Breaking news: We are all going to die. But prior to death, we lose our strength and energy. Old age comes with waning strength. Memory starts to slip; instability and immobility become a norm of life.
Young, healthy people don’t think about the later years as difficult days (Eccl 12:1). They focus on the here and now. But we have all seen the debilitating effects of old age and disease, and so we have to reckon with the reality that as life rolls on, it tends to get harder.
As we consider the imminent reality of death, Solomon charges us in Ecclesiastes 12 to remember our Creator in the days of our youth (v. 1). That is, we should remember who He is, what He has done, and who we are in relation to Him. We should maximize our effort while we still have life. While we have strength, we should serve God now.
Serve God Before Life Gets Harder, vv. 1-2
Most of us as children were unable to comprehend the pain of tragic events. Our innocence and naiveté tended to make tragedies a distant reality. But as we move toward middle age, we start to understand what these tragedies mean. We build deep relationships with people only to experience betrayal. We develop an abiding love for another person only to lose that person to death. And while those losses hurt, we still have much to do. We fill up our time with activity and work, and anticipate living for another forty years. Consequently, the noise of tragedy, while still painful, is somewhat muted by our busyness.
But eventually we get old, and our body breaks down, and our friends and family die. We start to go to more and more funerals of people younger than us—a rare occurrence when we were younger. In our youth, we went to funerals of older people and we understood that all older will eventually die. Now we are older ourselves. Our stamina has faded away. We have little ability to constructively contribute. Fewer and fewer people depend on us. And we know that it is only a matter of time until our own lives come to an end.
Life is going to get harder. Our later years are described as “the evil days” and “when the years draw near when you will say, ‘I have no delight in them’” (v. 1). It may be hard for a youthful, vigorous person to imagine a life without pleasure. But those days are coming, and we need to double down on our service for God now.
Serve God Before Your Body Breaks Down, vv. 3-4
In verses 3-4, Solomon piles up several metaphors that refer to the aging process. Your arms (“the watchman tremble”) and legs (“mighty men stoop”) will eventually lose strength and stability. When you get old, your teeth will decay (“grinding ones stand idle”) and your eyes will grow dim. You will lose your hearing (“sound of the grinding mill is low,” v. 4), and you will find it hard to sleep at night.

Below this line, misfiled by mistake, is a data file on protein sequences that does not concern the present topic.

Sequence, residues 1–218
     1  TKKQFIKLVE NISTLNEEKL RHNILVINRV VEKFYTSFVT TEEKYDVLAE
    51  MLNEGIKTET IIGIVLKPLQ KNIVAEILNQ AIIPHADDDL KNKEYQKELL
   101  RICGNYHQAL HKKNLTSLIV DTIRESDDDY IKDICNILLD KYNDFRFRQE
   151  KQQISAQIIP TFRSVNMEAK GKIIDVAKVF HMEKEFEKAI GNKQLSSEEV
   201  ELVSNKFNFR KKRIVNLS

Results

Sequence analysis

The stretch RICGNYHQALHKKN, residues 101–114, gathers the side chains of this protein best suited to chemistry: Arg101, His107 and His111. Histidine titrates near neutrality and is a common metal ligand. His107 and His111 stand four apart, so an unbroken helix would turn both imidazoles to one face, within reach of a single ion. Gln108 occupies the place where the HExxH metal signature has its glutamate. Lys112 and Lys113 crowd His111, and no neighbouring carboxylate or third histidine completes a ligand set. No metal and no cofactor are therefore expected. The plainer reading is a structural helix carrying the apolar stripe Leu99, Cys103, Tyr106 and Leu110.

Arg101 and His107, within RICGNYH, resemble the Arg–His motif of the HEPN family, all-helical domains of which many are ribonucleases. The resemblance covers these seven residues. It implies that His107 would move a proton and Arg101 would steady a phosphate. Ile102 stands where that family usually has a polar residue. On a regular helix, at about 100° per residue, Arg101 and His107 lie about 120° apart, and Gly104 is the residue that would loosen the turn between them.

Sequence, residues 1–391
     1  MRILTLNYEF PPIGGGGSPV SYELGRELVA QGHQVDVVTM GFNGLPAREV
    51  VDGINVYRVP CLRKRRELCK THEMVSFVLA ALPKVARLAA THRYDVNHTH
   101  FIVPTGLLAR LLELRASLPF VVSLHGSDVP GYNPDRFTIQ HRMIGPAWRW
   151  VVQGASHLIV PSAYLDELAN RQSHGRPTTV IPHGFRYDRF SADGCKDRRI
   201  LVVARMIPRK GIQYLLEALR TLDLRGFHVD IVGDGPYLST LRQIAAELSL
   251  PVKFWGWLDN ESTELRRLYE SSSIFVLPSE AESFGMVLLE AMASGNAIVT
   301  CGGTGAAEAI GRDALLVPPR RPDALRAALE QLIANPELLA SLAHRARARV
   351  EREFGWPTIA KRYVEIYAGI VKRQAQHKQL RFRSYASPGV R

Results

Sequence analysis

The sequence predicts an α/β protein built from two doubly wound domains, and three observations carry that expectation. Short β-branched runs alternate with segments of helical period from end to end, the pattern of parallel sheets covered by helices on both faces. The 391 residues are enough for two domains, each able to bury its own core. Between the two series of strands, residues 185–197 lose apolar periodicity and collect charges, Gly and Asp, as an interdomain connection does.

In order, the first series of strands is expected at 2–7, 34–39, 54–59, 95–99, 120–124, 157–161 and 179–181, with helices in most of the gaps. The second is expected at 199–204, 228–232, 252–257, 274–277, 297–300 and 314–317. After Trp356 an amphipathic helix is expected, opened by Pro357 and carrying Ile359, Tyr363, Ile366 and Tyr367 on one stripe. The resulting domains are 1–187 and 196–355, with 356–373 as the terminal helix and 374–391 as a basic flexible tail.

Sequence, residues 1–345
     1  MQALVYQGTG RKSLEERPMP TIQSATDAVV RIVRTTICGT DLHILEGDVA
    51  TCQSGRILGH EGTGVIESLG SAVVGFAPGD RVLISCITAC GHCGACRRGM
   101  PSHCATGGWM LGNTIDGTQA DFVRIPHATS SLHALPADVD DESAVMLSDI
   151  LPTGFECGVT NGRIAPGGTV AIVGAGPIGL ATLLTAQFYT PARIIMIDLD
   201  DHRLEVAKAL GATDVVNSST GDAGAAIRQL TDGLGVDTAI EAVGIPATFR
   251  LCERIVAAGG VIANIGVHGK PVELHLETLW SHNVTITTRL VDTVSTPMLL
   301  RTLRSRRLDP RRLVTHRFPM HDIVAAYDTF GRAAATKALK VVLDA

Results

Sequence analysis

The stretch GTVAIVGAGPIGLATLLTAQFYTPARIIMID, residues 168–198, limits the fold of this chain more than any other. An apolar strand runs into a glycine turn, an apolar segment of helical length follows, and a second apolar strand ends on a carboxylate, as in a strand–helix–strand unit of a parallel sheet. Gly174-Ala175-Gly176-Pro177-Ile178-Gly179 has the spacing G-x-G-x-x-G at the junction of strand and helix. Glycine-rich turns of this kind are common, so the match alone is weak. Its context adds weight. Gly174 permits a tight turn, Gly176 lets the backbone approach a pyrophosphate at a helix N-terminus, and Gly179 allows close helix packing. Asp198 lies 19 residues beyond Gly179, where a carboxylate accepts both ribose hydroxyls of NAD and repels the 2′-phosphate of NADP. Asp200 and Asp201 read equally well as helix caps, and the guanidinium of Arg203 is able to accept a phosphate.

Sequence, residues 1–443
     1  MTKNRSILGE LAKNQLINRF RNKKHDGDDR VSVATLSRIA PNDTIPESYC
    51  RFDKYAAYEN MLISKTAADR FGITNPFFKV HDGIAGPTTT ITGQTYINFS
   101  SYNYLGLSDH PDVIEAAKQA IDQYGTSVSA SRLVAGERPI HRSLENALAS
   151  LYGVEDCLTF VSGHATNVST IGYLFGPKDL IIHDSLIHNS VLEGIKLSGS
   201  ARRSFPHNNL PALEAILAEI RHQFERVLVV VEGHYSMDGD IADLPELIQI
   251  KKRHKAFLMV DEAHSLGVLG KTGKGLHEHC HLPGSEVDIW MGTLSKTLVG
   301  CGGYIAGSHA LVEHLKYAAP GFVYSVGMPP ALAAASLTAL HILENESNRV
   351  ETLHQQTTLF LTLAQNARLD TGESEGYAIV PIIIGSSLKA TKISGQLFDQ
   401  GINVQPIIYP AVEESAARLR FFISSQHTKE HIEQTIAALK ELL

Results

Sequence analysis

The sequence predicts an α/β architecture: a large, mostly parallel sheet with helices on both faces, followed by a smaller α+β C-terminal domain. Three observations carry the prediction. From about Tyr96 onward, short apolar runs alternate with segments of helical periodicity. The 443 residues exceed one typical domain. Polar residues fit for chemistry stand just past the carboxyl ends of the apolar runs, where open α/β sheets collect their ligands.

Serve God Before the Simple Things Become Difficult, v. 5
In addition to a deteriorating body, your hair color will change (“almond tree blossoms”). You will not be as quick and nimble as you were in previous decades gone by (“the grasshopper drags himself along”). Your drives and desires will wane with your strength (“caperberry is ineffective”).
Serve God Before Death Comes, vv. 6-7
Finally, your death will come. Solomon uses two analogies to describe a person’s end. The first is a golden bowl. There is coming a day when the silver cord that is holding the golden bowl will break, and the bowl will be crushed. The second image is a pitcher. One day the pulley at the well will break, causing the pitcher to crash at the bottom. At that point, we will return to the dust from which we came (v. 7).
If this life were all that there was to live for, then we would come to the end and see it all as a big waste. But because we live for the life to come, we should remember our Creator in the days of our youth. We should give our best energy and strength to serving God.
Solomon encourages young men in Proverbs 5:8–9 to avoid the adulteress woman, or else they will give their best strength to wasteful activity and their years to the cruel one. When I was a teenager, a man in the church told me, “I wish I could have been a Christian when I was young.” He had come to Christ in his thirties, and he was speaking to us in his forties, recounting how he would have loved to give his best energy to serving God.
We cannot go back to change the past, but we can focus on the reality of our imminent aging and death. And while we await that time when our life comes to an end, we should resolve to give our best strength to serving God now.
If you came to Christ as a child, that is a merciful gift from God. You may not have the shocking testimony of being saved from a life of drugs and alcohol. But praise God for that. And praise God that you can give your best years to developing godly habits that will serve you in your middle age and in your later years.
If you came to Christ in your middle years, make the most of it. Redeem the time, because the days are evil. You have not have had a whole life to serve him, but praise God for the time that you have now and in the future.
If you were saved in your waning years, do not despair. Remember your Creator. Soon you will be with Him. Use your remaining days and your remaining strength to sacrifice and serve for your Master. No time spent serving Him will be wasted.
Don’t waste your energy. While there is time, redeem it. Make the most of it. Remember your Creator in the days of your youth.